If you own a small business in Maine, all kinds of free magazines turn up in your mail. There are Maine magazines that feature food, lobsters, lighthouses, artists, architecture, pets, plants, books and boats.

These magazines advertise, in full-page colored pictures, the good life to be found in Maine. Although there might be nothing in them that interests you, publishers and advertisers hope that you will place these magazines within easy reach of your affluent out-of-state customers.

You might have noticed that most, if not all, of the articles and advertising in these magazines are directed at people who are always in the market for a $2.3 million house overlooking nests of colorful lobster boats in the ubiquitous Maine coast harbor. A seagull sitting on the nearest boat peers pensively into the fog. If it is not foggy, it is flat calm and the red and orange leaves on the trees on the south side of the harbor indicate fall.

Unless you are in the market for a $199 “boyfriend shirt,” there is not much of anything advertised in these magazines that a 10th-generation Mainer would buy – even if she could.

You have seen, in your basic Maine magazine, pictures of these ideal Maine retirement homes, inside and out. Only a few know that the photos were painstakingly taken by a professional photographer, who clicked away over a period of several days beneath banks of artificial lighting.

If all the spit and polish is supported by fiberboard walls, which is likely if the house was built on spec, you won’t see them. What you do see is a lot of glass and polished wood that reaches up and up and up. Often there is no room in the picture for the 35-foot cathedral ceiling.

You look in vain for overflowing bookcases. Where is the clutter of books, some gifts that will never be read and others cherished well-worn classics, dog-eared because you fell asleep while reading them in bed?

Also missing is the patched stuffed chair, perhaps one that, with the flip of a lever, becomes a comfortable recliner.

There is never a car in the driveway, but the lawn is scattered with strange-looking small trees that might be indigenous to Indonesia. There is a 6-foot circle of pristine redwood bark around each one. No dog has ever desecrated the grass, which might have been hauled in that morning as huge brown rolls on a truck.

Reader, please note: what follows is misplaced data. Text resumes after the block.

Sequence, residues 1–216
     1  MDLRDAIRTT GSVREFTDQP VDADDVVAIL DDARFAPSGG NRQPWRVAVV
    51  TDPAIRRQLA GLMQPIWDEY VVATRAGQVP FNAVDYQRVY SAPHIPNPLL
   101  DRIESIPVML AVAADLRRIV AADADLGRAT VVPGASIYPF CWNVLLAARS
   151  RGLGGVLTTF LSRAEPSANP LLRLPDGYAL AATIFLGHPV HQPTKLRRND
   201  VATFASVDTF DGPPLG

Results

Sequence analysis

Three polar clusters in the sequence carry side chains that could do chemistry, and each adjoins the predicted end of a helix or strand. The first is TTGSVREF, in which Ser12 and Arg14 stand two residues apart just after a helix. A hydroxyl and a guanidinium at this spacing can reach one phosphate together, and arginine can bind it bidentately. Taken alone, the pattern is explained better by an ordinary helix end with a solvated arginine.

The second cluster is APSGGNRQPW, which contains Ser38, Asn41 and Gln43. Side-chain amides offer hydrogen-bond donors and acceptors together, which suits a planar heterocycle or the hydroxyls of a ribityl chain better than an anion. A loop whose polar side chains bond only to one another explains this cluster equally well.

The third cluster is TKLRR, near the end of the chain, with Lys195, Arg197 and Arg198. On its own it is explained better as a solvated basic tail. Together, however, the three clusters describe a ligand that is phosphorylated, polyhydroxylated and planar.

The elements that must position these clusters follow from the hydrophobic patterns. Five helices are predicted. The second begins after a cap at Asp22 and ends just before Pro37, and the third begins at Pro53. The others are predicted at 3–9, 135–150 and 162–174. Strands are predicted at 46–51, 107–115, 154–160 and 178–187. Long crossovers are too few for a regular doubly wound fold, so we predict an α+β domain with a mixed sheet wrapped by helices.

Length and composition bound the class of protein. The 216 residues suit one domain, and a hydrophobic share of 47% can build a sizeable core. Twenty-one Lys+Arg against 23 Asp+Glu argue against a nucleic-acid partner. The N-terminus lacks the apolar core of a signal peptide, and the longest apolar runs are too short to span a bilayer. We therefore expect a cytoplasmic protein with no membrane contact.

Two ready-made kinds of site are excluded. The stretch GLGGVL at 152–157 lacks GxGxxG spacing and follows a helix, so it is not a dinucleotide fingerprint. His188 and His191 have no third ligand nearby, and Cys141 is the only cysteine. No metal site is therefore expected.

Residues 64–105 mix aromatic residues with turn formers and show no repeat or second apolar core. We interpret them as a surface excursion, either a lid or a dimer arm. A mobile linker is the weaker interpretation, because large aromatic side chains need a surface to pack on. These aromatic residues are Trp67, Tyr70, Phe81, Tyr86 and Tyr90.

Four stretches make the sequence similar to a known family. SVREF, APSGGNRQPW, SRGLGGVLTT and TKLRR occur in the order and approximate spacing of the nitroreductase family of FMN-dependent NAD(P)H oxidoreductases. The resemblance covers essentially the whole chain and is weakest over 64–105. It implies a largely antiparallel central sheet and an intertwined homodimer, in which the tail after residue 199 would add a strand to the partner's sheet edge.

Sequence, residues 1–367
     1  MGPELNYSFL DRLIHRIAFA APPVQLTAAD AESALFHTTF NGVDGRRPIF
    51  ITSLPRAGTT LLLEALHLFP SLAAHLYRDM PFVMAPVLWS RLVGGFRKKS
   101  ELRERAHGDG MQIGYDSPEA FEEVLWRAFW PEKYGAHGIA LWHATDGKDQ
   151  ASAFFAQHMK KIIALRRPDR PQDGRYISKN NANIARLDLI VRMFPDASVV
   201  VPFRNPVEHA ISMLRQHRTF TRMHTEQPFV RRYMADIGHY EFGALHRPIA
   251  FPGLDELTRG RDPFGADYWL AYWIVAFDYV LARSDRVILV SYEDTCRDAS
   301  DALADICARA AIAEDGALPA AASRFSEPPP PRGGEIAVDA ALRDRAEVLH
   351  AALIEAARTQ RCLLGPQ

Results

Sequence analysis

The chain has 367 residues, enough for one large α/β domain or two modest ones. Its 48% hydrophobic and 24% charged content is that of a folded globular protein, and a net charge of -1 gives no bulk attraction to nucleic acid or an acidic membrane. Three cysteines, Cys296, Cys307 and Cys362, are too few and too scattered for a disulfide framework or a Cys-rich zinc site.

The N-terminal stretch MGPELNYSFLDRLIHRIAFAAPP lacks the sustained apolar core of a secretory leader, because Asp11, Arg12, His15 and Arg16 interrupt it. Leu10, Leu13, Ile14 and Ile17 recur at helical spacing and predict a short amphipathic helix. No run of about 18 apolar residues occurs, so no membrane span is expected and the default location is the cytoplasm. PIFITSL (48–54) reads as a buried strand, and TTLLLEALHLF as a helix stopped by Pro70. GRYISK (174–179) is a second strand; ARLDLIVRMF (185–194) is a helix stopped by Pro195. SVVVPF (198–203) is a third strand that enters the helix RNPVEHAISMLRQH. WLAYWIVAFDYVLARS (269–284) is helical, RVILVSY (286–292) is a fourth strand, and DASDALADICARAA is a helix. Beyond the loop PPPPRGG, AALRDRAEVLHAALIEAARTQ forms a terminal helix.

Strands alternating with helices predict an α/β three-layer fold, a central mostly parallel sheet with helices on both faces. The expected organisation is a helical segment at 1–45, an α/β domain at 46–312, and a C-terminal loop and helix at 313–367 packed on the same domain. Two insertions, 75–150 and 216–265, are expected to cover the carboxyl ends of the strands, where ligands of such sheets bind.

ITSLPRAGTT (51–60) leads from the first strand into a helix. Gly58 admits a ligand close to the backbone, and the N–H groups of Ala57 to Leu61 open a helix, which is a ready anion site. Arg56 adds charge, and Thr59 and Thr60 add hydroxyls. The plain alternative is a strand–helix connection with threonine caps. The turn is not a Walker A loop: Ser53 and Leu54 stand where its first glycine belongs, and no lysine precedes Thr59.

Should Warner Brothers want to remake “1984,” any one of these houses could serve as a set where Winston could cower behind a spartan corner and avoid the telescreen. To an old Maine man, they are barren, sterile houses, with no sign of the cheer and comfort inevitably found in a Maine house occupied by several generations of the same family – especially if one was known far and wide as the folks who built skiffs in the kitchen when the boatyard shut down.

No. We are not suggesting that for just once we see in a picture a rocking chair’s cane repaired with bait bag twine, but isn’t there a realistic middle ground? When was the last time you wrote to a Maine magazine to let them know how much you loved the granite countertops in your boathouse?

There is certainly a market for buildings that accommodate another lifestyle, although I don’t know where they advertise. A friend, who must remain nameless, told me that he was a partner in a Maine architecture firm. An ad person from a Maine magazine once called and told him that he should advertise.

My friend said that they probably wouldn’t run his firm’s ad.


He said, “Because our ad would say, ‘If most of the stuff in this magazine makes you (sick to your stomach), you might be our kind of client.’ ”

The majority of people do, however, want one of these sterile dream houses, or you wouldn’t see them advertised. One woman, who had a made-to-order home, told my brother that she had a special closet built in the kitchen. Otherwise, people would have seen her toaster.

For over 90 years, Andy Wyeth lived in my neighborhood. Every time he’d paint a picture of a house in town, it would suddenly become a very desirable piece of property and increase in value.

Unfortunately, it usually fell down or was burned up as a training exercise for the local fire department before anyone who appreciated old Maine houses could move in.

The humble Farmer can be heard Friday nights at 7 on WHPW (97.3 FM) and visited at his website:


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